Cablegate: Donors Press Nec On Outstanding Issues Threatening to Delay


DE RUEHKH #0316/01 0550907
ZNR UUUUU ZZH (CCY AD29737E TOQ3914-695)
R 240906Z FEB 10



E.O. 12958: N/A
SUBJECT: Donors Press NEC on Outstanding Issues Threatening to Delay

1. (SBU) Summary: At the February 18 National Elections Commission
(NEC) Policy Committee meeting, donors pressed the for answers on a
host of issues threatening to delay the April elections, including
planning and funding for the transportation of elections materials,
clarification on the number of polling stations, an assessment of
the accuracy of the voter roll, and accreditation of domestic
observers. The DCM attended the February 18 meeting with the USAID
Deputy Mission director. At a follow up technical session on
February 19, attended by the USAID Elections Advisor, UNMIS and
UNDP provided an estimate of transportation costs totaling
approximately USD 43.8 million; however, the funding question
remained unresolved. At the meeting, the NEC committed to ensure
that all planes arriving in Khartoum with electoral materials will
receive the clearances required to land. Electoral experts are
concerned that the delays in logistical planning will necessitate a
delay of one to two weeks in the start of polling. End Summary.

2. (SBU) The National Elections Commission Policy Committee,
comprised of NEC and Government of Sudan officials, the Government
of Southern Sudan, international technical experts, and donors, met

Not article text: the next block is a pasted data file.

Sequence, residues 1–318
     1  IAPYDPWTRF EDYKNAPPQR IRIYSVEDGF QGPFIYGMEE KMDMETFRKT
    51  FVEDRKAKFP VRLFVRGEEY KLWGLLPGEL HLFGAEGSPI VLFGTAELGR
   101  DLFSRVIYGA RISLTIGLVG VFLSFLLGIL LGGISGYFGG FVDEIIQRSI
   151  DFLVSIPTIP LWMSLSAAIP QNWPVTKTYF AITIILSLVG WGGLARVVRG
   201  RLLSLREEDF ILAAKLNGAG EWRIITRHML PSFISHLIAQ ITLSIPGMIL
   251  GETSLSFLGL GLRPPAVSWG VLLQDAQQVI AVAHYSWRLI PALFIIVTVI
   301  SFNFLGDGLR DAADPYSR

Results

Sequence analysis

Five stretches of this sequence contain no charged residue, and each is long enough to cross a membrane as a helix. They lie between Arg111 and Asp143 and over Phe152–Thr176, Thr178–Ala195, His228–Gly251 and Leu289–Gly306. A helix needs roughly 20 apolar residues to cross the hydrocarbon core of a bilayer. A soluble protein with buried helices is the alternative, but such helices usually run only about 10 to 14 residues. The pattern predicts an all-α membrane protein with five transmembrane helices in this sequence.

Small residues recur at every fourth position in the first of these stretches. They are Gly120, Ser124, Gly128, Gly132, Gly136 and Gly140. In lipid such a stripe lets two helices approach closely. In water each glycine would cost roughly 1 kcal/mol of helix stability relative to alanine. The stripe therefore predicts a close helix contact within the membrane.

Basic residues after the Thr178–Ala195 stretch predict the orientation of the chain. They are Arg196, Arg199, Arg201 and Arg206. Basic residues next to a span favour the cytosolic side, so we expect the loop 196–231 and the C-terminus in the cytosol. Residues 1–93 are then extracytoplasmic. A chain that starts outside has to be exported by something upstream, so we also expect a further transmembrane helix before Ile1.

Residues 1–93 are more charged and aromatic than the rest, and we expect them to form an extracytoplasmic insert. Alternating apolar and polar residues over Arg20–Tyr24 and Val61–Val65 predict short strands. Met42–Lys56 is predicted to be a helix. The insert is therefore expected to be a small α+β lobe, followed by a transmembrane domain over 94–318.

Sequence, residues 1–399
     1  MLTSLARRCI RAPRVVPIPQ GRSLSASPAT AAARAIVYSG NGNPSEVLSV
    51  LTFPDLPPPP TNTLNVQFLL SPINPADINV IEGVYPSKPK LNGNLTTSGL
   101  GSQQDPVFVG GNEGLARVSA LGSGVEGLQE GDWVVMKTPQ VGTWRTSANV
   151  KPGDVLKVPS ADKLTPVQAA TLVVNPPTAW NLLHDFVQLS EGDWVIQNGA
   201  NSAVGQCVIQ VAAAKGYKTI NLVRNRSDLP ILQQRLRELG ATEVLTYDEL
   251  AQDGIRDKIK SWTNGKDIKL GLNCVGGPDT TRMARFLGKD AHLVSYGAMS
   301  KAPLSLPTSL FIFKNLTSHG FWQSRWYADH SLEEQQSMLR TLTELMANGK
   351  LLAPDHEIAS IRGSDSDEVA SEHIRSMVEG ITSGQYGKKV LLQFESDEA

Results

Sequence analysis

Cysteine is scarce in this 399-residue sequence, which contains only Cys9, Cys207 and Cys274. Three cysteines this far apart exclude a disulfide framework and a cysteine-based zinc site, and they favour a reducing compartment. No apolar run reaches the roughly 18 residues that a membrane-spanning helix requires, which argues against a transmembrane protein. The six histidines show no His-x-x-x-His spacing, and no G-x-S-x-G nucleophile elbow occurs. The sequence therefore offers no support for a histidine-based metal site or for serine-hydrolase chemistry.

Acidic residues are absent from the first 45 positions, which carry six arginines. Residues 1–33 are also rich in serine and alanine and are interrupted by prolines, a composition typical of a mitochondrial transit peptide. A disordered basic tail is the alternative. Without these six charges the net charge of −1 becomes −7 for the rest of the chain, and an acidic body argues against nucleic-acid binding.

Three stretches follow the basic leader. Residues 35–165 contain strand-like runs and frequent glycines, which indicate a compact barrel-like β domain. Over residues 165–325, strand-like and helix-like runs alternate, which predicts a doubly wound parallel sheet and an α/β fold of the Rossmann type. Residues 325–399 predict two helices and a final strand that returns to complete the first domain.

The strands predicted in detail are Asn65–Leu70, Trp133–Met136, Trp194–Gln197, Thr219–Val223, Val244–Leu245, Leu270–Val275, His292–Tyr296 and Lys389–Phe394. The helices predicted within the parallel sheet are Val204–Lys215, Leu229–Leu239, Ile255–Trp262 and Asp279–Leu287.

on February 18 in a three hour session. This was the first meeting
in approximately two months; the meeting was originally scheduled
for late January. The main issue for discussion was the
transportation of electoral materials from Khartoum and Juba to
polling stations. Three key components to transportation must be
addressed: timing, NEC capacity, and funding. The NEC said it
understood that transportation was a key issue that would make or
break the elections, and asked donors for funding as well as
technical assistance. The NEC estimated that USD7.5 million would
be required to cover the cost of the transportation of materials.
NEC did not respond to questions from donors about whether it has
requested funding from the Ministry of Finance, but urgently
requested that the donors transfer Basket Fund money that was not
spent on voter registration to pay for these transportation costs.
(Note: The United States does not contribute to the Basket Fund.
End Note.)

3. (SBU) Donors responded with strong statements, affirming their
continued commitment to holding all elections (legislative and
executive) in April according to the current electoral calendar,
and expressing serious concern that the transportation issue, first
raised by donors several months ago, remains unresolved less than
two months before polling begins. They noted that, in the budget
agreed to by NEC and donors in September 2009, the Basket Fund
donors agreed to fund only a portion of the cost of transportation,
with the remainder to be covered by funding transferred to NEC by
the Government of National Unity for transportation. Furthermore,
inadequate expense statements provided to donors by NEC to date
indicate that only 20 percent of that allocation has been spent.
The NEC responded that its budget left transportation from Khartoum
and Juba to state capitals unfunded, and that the GNU has agreed to
pay only for transportation of materials from state capitals to
constituencies. Donors reminded the NEC that donors have been
asking for an operational plan for transportation since August
2009, but have still not received one.

4. (SBU) The DCM, seconding a point made by the European Union
representative, urged the NEC to finalize as soon as possible
a detailed operational plan for transportation of electoral
materials. He noted that, regardless of who will ultimately pay for
the cost of transportation, it was essential that the NEC, with